In August, the S.C. Secretary of State's office ordered Five Rivers to amend its 2004 tax return and include information about a potential conflict of interest involving board member David Hamilton.

Hamilton is a vice president at BB&T bank, where Five Rivers got its mortgage for the land it purchased from Majors.

Hamilton was not on the Five Rivers board when the loan was made. He joined the agency in 2004, according to Five Rivers' filings with the secretary of state's office.

BB&T spokeswoman A.C. McGraw has said the bank does not consider Hamilton to have a conflict of interest in that case because he was not involved in making the decision to give Five Rivers a mortgage.

The secretary of state's office is investigating possible financial wrongdoing at Five Rivers, and a spokesman said the agency might turn information over to the IRS for further review.

Greg Hembree, the 15th circuit solicitor, will conduct a criminal investigation of Five Rivers to determine if public money was misused, and the Five Rivers board said last week it has hired an accountant and lawyer to review the agency's finances and operating procedures.

Those investigations were sparked by a series of reports in The Sun News that showed a pattern of questionable financial and management practices at the agency.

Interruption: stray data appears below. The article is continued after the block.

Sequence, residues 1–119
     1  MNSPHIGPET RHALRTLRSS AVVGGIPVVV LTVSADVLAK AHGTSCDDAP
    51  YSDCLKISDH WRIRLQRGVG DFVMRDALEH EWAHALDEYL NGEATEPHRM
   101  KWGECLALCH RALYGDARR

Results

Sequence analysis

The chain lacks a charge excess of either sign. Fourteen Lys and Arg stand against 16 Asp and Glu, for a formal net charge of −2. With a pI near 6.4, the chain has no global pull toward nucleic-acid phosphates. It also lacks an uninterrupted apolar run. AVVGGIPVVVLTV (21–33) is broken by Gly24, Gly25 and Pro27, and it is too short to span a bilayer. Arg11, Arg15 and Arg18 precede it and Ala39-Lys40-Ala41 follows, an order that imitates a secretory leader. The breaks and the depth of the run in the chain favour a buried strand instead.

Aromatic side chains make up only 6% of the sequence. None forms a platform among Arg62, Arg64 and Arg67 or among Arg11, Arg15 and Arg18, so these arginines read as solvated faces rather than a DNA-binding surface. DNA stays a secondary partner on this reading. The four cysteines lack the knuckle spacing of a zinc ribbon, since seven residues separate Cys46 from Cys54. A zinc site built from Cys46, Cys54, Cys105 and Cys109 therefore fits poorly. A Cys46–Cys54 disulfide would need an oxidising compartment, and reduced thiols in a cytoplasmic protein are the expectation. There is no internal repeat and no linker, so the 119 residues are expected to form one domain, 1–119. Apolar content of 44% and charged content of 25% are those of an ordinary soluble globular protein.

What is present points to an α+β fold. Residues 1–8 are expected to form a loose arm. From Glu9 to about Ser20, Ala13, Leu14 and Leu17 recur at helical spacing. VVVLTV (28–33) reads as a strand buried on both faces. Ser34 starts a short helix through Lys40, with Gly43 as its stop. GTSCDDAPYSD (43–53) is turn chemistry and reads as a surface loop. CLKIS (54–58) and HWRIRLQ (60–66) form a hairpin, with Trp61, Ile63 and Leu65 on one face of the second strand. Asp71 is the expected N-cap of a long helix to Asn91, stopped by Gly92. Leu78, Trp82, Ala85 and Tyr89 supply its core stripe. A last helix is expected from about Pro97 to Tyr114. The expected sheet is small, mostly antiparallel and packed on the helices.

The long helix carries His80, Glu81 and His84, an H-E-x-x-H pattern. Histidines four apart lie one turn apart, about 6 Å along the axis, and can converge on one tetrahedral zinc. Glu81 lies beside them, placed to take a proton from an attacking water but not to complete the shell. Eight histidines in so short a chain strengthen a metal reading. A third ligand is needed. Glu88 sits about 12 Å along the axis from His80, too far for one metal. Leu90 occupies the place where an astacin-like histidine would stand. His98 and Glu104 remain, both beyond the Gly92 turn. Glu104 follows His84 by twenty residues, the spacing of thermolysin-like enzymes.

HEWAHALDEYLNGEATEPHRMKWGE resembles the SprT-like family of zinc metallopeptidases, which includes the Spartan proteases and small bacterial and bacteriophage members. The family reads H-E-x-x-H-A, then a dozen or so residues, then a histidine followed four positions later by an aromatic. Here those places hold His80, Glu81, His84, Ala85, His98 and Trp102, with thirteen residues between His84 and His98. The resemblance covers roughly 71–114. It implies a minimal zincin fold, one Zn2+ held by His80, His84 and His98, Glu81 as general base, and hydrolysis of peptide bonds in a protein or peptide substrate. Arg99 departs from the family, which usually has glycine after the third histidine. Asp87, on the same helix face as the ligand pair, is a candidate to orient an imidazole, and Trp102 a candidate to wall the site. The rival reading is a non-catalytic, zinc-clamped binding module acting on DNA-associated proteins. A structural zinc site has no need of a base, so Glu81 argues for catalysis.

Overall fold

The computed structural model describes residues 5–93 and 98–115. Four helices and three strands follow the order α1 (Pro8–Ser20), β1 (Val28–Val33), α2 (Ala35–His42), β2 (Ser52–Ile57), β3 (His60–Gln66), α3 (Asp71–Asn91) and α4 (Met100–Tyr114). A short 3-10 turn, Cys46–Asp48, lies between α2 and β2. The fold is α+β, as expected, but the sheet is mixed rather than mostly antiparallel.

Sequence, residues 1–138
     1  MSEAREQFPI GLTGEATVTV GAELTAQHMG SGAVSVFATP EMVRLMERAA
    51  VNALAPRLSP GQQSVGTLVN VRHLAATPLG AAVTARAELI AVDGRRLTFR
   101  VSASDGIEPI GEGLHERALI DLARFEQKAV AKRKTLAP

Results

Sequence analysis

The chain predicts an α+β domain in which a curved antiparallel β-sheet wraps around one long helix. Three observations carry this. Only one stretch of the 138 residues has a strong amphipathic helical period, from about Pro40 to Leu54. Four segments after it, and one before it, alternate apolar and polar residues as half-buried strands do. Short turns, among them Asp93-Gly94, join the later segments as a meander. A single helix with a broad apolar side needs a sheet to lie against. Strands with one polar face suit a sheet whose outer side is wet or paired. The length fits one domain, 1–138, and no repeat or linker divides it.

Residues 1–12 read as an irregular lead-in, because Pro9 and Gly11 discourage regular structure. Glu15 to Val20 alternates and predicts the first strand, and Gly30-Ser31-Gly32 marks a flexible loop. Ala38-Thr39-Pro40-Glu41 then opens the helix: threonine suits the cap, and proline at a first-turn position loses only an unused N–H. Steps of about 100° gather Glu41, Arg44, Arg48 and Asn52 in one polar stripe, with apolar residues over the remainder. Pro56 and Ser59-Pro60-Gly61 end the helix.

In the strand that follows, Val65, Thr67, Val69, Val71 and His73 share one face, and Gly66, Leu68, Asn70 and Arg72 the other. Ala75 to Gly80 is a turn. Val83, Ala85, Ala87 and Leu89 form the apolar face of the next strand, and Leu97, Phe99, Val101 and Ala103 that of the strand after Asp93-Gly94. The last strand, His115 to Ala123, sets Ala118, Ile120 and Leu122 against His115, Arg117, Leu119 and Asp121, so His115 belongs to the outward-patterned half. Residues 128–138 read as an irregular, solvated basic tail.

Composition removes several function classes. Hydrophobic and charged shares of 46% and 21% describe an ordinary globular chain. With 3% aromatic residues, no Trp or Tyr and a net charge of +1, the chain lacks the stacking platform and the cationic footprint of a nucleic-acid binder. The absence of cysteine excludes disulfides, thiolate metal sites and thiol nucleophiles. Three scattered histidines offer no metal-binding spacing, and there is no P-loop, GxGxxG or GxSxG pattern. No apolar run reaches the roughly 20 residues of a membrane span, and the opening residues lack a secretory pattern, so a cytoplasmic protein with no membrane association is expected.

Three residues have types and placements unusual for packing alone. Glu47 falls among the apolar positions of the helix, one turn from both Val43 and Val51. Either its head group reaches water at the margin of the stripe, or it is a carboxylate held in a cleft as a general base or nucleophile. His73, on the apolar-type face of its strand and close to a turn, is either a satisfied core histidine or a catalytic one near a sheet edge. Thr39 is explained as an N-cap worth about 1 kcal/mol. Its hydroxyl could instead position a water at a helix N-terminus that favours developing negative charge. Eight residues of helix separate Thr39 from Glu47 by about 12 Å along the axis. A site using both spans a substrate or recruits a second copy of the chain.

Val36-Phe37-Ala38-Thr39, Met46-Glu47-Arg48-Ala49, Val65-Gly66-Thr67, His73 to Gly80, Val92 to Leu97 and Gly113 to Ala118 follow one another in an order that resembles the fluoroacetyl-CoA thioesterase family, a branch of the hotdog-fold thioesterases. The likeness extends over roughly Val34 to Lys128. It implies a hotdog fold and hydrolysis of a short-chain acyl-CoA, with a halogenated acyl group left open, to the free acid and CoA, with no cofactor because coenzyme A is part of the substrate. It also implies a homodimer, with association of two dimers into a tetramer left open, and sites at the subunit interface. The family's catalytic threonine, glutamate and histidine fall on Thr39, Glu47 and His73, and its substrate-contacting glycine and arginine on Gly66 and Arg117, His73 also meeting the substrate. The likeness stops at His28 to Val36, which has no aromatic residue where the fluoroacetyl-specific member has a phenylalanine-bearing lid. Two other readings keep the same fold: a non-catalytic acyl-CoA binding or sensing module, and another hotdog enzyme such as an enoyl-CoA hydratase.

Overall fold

For example, White and Smith regularly wrote checks to each other from Five Rivers' bank account, with no apparent independent oversight. White and Smith also approved each other's expense reimbursements.

The Sun News' investigation also showed nearly half of the agency's expenses between 1996 and 2004 - more than $1.5 million - have been for salaries, fringe benefits, travel, health and automobile insurance for staff members and other costs that benefit White, Smith and other Five Rivers employees.

Five Rivers' board said last week it will reduce the salaries paid to White and Smith by 50 percent pending the outcome of its review and a salary study. Those salaries far exceed the state average, and tax records show White has authorized annual pay raises of as much as 29.5 percent for herself while giving her daughter raises of as much as 40.8 percent per year.


What it does | Current programs include a seven-day class about starting a business, which is taught four times a year; a four-day class about buying a home, which is taught twice a year; one-day credit counseling sessions offered three times a year; and a $50,000 revolving loan account for small-business owners.

Salaries | Beulah White, who helped found Five Rivers in 1995, received a 91 percent salary increase - to $83,039 from $43,500 - between 2000 and 2004, the most recent data available.

Dayo Smith, White's daughter and the agency's chief financial officer, has had salary increases of 87.5 percent since she joined the agency in 2000 - to $48,755 this year from $26,000.

Five Rivers' board of directors cut those salaries by 50 percent last week pending a review of the agency's finances and operating procedures and the completion of a salary study.

Travel | White, Smith and other Five Rivers employees have spent $102,496 on travel since 1996, including $70,937 in travel-related expenses between 2001 and 2004. For many of those trips, there is no documentation showing how the travel related to the nonprofit's purpose.

To read the Investigating Five Rivers series, visit